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  7. The Nerves of the Leviathan: On Metaphor and Hobbes' Theory of Punishment.Alejo Stark - 2019 - Otro Siglo 3 (2):26-42.
    Thomas Hobbes’ theory of punishment plays a constitutive role in the Leviathan’s theory of state sovereignty. Despite this, Hobbes’ justification for punishment is widely found to be discrepant, weak, inconsistent, and contradictory. Two dominant tendencies in the scholarship attempt to stabilize the Leviathan’s justification for the state’s right to punish by either identifying it with the sovereign’s right to war or by elaborating a theory of authorization within the state. In contrast, by tracing the deployments of the metaphor that Hobbes (...)
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  8. Normalized Exceptions and Totalized Potentials: Violence, Sovereignty and War in the Thought of Thomas Hobbes and Giorgio Agamben.Anna-Verena Nosthoff - 2015 - Russian Sociological Review 14 (4):44–76.
    This study seeks to critically explore the link between sovereignty, violence and war in Giorgio Agamben’s Homo Sacer series and Thomas Hobbes’s Leviathan. From a brief rereading of Leviathan’s main arguments that explicitly revolves around the Aristotelian distinction between actuality/ potentiality, it will conclude that Hobbesian pre-contractual violence is primarily based on what Hobbes terms “anticipatory reason” and the problem of future contingency. Relying on Foucauldian insights, it will be emphasized that the assumption of certain potentialities suffices in leading to (...)
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  9. The Free Will Problem [Hobbes, Bramhall and Free Will].Paul Russell - 2011 - In Desmond M. Clarke & Catherine Wilson (eds.), The Oxford Handbook of Philosophy in Early Modern Europe. New York, NY, USA: Oxford University Press. pp. 424-444.
    This article examines the free will problem as it arises within Thomas Hobbes' naturalistic science of morals in early modern Europe. It explains that during this period, the problem of moral and legal responsibility became acute as mechanical philosophy was extended to human psychology and as a result human choices were explained in terms of desires and preferences rather than being represented as acts of an autonomous faculty. It describes how Hobbes changed the face of moral philosophy, through his Leviathan, (...)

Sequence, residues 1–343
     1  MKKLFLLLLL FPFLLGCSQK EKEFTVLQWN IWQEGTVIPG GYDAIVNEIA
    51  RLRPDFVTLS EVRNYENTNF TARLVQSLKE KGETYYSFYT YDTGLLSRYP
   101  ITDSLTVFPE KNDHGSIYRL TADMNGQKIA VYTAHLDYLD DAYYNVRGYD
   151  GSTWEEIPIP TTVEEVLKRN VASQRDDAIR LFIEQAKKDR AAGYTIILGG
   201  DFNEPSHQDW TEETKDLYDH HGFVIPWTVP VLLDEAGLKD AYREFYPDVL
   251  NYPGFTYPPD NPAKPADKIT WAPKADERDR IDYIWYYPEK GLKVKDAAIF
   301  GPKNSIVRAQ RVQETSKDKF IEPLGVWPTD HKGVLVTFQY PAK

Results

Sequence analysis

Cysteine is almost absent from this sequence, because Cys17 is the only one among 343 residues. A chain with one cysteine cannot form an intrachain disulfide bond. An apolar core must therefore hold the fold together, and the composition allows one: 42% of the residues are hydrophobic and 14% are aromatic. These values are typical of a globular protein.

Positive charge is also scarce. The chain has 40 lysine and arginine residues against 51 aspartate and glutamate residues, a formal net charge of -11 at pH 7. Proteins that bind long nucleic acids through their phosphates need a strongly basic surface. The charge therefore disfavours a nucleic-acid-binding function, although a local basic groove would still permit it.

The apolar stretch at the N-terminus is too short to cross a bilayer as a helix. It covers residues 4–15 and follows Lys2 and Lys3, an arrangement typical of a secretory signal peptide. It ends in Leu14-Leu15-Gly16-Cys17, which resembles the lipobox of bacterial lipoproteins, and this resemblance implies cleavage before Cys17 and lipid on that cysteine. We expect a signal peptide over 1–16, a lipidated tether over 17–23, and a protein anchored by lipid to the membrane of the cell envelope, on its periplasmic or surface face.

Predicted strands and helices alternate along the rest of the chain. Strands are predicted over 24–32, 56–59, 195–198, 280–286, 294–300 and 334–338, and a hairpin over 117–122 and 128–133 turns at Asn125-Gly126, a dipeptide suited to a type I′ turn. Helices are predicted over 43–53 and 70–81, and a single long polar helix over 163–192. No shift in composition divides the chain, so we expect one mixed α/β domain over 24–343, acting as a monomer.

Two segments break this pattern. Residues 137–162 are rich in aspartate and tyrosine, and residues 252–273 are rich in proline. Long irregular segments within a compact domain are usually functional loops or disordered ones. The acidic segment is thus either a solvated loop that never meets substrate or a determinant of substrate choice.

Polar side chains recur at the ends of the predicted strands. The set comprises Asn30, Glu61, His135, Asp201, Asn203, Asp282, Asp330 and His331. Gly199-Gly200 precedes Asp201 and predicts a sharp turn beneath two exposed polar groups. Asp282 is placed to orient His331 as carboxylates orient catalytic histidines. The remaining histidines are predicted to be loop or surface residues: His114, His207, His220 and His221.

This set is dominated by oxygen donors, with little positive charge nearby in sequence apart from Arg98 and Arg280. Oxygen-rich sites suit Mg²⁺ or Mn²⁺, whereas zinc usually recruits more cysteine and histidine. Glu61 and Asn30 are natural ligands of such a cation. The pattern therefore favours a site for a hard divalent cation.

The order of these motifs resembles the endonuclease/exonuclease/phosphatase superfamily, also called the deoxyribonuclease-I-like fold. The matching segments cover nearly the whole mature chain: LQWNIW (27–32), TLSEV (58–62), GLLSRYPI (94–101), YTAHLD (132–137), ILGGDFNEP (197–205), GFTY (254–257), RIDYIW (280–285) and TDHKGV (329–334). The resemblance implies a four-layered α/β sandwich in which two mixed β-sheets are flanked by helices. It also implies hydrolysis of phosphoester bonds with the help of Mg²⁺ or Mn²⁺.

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  10. Naturzustand Und Staatsvertrag Bei Hobbes.Andreas Hüttemann - 2004 - Zeitschrift für Philosophische Forschung 58 (1):29 - 53.
    In diesem Aufsatz untersuche sich, ob sich der Hobbes’sche Naturzustand als Gefangenendilemma beschreiben lässt und welche Konsequenzen dies gegebenenfalls hat. Ich argumentiere für die Thesen, dass erstens eine solche Beschreibung eine angemessene Charakterisierung des Hobbes’schen Naturzustandes ist , dass das Gefangenendilemma zweitens kein Problem für die Hobbes’sche Argumentation aufwirft und dass drittens Hobbes sein Argumentationsziel verfehlte, wenn er den Naturzustand anders beschriebe, d.h. so, als seien die Applikationsbedingungen des Gefangenendilemmas nicht erfüllt. Das Gefangenendilemma, in dem sich die Naturzustandsbewohner befinden, ist (...)
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  11. T Magri, Contratto e convenzione. Razionalità, obbligo e imparzialità in Hobbes e Hume. [REVIEW]Sergio Volodia Marcello Cremaschi - 1995 - Rivista di Filosofia Neo-Scolastica 87 (2):364.
    The author examines Hobbes and Hume in the light of recent proposals of neo-Hobbesian political theories. Magri concludes that Hobbes and Hume's strategies would be plausible from the point of view of liberal thinking if they succeeded; the difficulty, however, is that both systems fail to overcome the barrier between individual interests and moral and political principles.
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  12. Applying the Social Contract Theory in Opposing Animal Rights.Stephen C. Sanders - manuscript